Oldmulti has mentioned Richard Woods site - here is a link to his power cat designs.
    Have a look through all of them - there are some PDF 'study plans' available here that can be downloaded free of charge - download and save as many of them (and any others that you can find on other sites) and establish a library file on your computer for future reference. You can learn a lot even from study plans.
    Sailing Catamarans - Click here for Power Catamarans (8 designs) http://sailingcatamarans.com/index.php/designs-2/6-powercats

    Is your long term plan to eventually design and build a boat for yourself?
     
    Last edited: Mar 4, 2023
  5. Barry
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    Barry Senior Member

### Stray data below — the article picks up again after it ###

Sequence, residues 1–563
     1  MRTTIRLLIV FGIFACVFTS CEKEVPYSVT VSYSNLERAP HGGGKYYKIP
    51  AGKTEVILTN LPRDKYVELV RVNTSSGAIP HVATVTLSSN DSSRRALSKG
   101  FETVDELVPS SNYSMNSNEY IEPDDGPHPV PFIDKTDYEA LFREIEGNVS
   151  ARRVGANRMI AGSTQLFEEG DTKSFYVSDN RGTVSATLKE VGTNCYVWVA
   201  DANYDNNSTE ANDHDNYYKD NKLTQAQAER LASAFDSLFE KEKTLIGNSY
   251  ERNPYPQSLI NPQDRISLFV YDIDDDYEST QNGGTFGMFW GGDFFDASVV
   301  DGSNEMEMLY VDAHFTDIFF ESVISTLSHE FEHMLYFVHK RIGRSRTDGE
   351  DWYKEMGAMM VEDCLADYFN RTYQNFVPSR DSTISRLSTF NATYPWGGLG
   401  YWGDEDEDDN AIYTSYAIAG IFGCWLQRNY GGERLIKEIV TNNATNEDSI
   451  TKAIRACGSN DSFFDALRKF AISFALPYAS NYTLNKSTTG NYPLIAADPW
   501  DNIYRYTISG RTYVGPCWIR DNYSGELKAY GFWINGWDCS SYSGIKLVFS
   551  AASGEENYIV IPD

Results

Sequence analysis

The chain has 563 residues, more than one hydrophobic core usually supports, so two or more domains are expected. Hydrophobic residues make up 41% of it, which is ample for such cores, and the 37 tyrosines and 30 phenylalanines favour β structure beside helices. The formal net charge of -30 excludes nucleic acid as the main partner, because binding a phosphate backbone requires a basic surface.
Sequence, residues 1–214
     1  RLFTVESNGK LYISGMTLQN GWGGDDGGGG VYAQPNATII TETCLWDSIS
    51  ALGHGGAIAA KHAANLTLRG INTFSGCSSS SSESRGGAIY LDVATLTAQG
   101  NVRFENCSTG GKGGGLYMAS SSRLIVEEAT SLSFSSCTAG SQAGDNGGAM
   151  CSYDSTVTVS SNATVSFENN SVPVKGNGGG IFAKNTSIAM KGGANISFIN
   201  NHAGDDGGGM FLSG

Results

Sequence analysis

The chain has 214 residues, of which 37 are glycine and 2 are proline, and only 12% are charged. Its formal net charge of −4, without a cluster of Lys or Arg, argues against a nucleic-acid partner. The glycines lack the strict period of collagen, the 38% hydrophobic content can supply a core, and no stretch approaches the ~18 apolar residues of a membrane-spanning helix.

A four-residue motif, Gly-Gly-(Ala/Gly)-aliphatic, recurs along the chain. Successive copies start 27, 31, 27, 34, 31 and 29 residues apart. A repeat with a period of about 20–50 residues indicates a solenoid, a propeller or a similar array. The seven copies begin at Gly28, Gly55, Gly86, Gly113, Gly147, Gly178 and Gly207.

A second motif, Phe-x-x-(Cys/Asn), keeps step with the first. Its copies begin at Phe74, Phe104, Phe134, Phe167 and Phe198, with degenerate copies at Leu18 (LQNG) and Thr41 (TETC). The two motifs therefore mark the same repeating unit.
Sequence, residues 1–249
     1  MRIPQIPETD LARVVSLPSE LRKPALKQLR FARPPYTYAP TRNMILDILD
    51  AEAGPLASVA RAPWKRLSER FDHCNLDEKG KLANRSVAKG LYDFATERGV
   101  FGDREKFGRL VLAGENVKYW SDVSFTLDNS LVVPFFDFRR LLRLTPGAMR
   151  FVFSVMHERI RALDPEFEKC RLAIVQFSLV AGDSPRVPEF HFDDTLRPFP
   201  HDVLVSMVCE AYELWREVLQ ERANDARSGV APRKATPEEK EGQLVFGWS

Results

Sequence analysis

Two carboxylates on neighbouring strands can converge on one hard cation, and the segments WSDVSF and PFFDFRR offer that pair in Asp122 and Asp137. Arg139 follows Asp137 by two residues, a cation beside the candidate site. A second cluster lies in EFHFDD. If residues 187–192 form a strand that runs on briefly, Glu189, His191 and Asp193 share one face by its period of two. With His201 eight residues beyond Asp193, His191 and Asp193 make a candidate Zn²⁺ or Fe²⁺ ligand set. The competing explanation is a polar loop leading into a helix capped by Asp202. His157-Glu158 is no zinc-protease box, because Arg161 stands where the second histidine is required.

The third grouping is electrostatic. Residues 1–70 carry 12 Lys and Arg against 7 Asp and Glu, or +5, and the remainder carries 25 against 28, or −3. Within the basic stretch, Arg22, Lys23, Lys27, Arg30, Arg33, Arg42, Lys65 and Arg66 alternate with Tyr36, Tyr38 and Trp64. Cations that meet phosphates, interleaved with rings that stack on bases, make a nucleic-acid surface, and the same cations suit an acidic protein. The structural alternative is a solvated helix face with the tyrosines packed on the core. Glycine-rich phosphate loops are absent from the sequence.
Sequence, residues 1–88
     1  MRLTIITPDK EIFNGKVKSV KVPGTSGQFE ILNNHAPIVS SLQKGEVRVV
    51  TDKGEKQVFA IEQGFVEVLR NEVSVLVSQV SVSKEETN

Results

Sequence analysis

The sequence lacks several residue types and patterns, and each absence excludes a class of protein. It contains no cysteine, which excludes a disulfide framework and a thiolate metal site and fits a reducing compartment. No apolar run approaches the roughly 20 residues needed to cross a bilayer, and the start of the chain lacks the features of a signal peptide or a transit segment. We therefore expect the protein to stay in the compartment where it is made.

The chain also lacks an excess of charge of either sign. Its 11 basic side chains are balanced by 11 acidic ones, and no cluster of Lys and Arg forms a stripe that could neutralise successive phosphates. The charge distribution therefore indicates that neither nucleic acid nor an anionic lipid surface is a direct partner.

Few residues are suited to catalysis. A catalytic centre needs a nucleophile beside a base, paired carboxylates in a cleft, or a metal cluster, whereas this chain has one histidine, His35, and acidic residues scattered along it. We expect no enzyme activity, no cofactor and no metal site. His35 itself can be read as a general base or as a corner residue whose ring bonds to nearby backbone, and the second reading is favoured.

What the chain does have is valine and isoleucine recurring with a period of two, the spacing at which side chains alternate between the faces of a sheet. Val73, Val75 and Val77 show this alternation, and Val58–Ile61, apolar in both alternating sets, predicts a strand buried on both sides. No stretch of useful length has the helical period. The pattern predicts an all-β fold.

6. BananaMan777
    Joined: Nov 2016
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    BananaMan777 Junior Member


    Baja, Thank you for the reply and links to some books; I will look into them. No, I never even started to work on this project because of several reasons. Although a kayak design is still on my wishlist of things to do one day, just not today. Life tends to get in the way of things sometimes. My long-term goal is to gain the required knowledge to start a project and see it through; gaining more experience and knowledge along the way is also a goal. I'm not looking at designing yachts or having a career in naval architecture. I'd just like to expand my knowledge in an area that I am interested in. I've always loved to design things either on pencil and paper or in CAD. I love to draw things I am interested in, mainly aviation stuff. So, I am looking forward to gaining the knowledge/ experience I need to design and build something like a boat. I appreciate everyone's constructive input!